All of us on the FGI Volunteer team support asking the Nevada State Library to reconsider its position.
Here is The Gov Doc post in its entirety. I’ll have a few comments after:
Greetings to all.
We hope everyone had a fun & refreshing Thanksgiving holiday. Ours were well spent with family and plenty of good food however we received some distressing news upon returning to work. We learned that the Nevada State Library and Archives has decided to eliminate the position, Head of Government Publications. The reason we are distressed is because this position is crucial for the capturing, cataloging, and dissemination of state publications and we fear that without the leadership that this position provides Nevada publications will slip into oblivion to the detriment of the people – the people whose taxes pay for this research and are therefore entitled to the opportunity to access this information.
Below is a letter of protest that you can cut & paste into a new message to send to Ms. Daphne DeLeon and Mr. Michael E. Fischer. Please feel free to edit the letter to personalize it or write your own. Don’t forget to sign your name at the bottom complete with your organization and title.
Here are their email addresses, please include both in the “Send To” line:
Daphne DeLeon, firstname.lastname@example.org
Michael E. Fischer, email@example.com
One last thing, please send a blind copy of your email to Ian Campbell (firstname.lastname@example.org) and Lisa Printz (email@example.com).
Thank you and hopefully together we can make a difference,
Ian and Lisa
Attn: Daphne DeLeon, Division Administrator, Nevada State Library & Archive
Michael E. Fischer, Director, Nevada Department of Cultural Affairs
It was with shock and dismay that we learned about the Nevada State Library’s decision to eradicate the position, Head of Government Publications. And it is with the great concern stimulated by this decision that we are writing to request that the state reconsider what we believe to be a short-sighted decision that will negatively impact current and future Nevada residents’ access to critical information. When one considers that the federal government produces 70% of the world’s information it becomes apparent that federally funded information is invaluable and since tax-payers dollars purchase or support these research endeavors the citizens of this nation have a right to access this information. Much of the states’ research receives partial funding from the federal government and therefore is included in the figure (70%) given above. Compounding traditional problems of access to government funded research are the changes in the dissemination of this information to the populous. Due to advances in technology and in an effort to save money most government funded research is only available online therefore, capturing and cataloging this information for the purpose of retrieval are vital to the community’s information needs especially since governmental agencies are not obligated to maintain access to this information. So, much of this information is ephemeral in its availability unless someone captures and catalogs it. Currently, there is a phenomenal amount of previously released information that needs to be captured and cataloged in addition to the present research being released now and future research that will require capturing and cataloging for without this work preserving access to federal and state research will not be possible. While there are many individuals attempting to apply order to federal documents, there are far fewer that work towards capturing, cataloging, and disseminating state government publications. This position, Head of Government Publications, fulfills this role and provides much needed leadership in the enactment of the NRS 378.170 and for the state of Nevada in developing a Nevada state publications depository to ensure the permanent retention of state publications. We feel that this position, Head of Government Publications, serves a critical and vital gap in the public’s information needs and we therefore, strongly urge the Nevada State Library to reconsider this decision.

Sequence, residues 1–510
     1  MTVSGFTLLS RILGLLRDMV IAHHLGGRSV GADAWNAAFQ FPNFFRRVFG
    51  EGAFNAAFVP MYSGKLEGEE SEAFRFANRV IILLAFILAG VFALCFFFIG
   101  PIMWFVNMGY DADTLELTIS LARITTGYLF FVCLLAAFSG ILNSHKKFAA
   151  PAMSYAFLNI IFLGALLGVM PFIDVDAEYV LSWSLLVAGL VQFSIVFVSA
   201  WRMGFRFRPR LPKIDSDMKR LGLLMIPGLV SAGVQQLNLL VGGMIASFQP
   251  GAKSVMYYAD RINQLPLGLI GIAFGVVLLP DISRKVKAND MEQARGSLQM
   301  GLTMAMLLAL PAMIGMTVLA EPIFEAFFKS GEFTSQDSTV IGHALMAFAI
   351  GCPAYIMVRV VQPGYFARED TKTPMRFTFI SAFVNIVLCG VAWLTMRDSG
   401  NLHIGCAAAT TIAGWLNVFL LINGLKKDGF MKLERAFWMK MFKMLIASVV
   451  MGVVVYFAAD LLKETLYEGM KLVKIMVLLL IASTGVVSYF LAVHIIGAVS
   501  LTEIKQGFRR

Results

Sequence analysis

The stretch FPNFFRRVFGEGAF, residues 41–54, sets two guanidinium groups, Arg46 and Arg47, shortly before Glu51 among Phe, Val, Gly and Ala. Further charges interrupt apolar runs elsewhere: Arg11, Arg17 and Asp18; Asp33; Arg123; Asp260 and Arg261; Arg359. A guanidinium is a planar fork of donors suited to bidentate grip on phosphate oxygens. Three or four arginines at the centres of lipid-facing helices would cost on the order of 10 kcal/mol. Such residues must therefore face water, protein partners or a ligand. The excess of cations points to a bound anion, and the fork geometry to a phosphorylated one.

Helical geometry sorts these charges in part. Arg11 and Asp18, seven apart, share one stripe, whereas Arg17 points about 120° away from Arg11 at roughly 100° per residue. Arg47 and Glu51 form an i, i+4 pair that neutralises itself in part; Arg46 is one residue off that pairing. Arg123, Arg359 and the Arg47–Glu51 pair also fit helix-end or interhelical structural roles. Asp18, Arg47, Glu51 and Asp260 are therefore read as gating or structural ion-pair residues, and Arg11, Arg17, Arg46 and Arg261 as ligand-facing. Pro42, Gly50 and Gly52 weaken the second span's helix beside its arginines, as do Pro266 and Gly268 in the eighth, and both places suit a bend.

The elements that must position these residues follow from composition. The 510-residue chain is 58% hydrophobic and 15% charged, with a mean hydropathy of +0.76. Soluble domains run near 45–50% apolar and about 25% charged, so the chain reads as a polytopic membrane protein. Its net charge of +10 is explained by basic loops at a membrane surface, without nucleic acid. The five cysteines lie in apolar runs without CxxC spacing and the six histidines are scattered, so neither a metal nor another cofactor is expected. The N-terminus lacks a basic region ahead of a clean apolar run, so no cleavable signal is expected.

Thank you and sincerely,
As someone who participates in government virtual reference, I can assure our readers that having stuff online is NOT the same as being able to lay your digital fingers on it. Doubly so when that stuff isn’t actually online.
As someone who used to run a state’s document program, I can assure our readers that without someone whose primary role is state publications, a lot of stuff will fall through the cracks. This is based on the realization that a fair amount falls through the cracks even when there is dedicated staff.
Ian and Lisa didn’t say whether the docs duties currently assigned to the position were going to be parceled out to others or be eliminated. Either choice would be a bad one. Most libraries that I’m familiar with already have most librarians doing about two positions worth of work.
So if you care about government information, especially if you live in Nevada, I hope you will consider joining this letter writing campaign. If you’re familiar with the Nevada State Library, it would help if you could suggest some alternative cuts OR some alternative funding sources.
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